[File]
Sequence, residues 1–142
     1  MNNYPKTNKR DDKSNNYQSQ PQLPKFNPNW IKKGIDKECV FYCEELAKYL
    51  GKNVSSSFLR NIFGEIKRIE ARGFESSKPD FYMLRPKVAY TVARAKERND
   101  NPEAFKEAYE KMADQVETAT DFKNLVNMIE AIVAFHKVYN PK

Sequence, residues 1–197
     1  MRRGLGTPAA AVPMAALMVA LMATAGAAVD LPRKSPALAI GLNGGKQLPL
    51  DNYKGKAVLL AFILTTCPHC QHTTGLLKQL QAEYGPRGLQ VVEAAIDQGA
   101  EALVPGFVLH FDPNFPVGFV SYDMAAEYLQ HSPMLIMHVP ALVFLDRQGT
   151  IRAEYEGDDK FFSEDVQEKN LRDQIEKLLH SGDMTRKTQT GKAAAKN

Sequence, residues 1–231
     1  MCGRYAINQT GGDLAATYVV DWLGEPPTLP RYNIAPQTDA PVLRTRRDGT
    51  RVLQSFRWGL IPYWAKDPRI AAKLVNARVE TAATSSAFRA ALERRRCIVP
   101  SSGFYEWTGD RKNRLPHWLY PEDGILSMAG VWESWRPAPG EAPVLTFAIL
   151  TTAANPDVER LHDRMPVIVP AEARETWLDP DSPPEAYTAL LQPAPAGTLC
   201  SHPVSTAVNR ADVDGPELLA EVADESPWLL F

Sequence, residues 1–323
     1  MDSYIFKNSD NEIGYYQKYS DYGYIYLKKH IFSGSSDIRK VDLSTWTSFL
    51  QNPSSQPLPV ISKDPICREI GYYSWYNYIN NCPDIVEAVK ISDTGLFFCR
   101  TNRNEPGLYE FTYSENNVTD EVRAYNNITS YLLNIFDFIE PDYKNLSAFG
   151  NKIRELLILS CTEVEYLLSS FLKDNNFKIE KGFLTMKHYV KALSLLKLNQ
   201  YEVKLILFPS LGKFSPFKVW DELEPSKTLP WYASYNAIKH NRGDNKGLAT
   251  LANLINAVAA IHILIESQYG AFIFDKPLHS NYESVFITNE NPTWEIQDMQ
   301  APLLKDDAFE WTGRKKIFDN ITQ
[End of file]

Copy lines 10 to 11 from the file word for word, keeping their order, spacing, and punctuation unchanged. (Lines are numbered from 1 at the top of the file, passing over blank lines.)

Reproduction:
Sequence, residues 1–231
     1  MCGRYAINQT GGDLAATYVV DWLGEPPTLP RYNIAPQTDA PVLRTRRDGT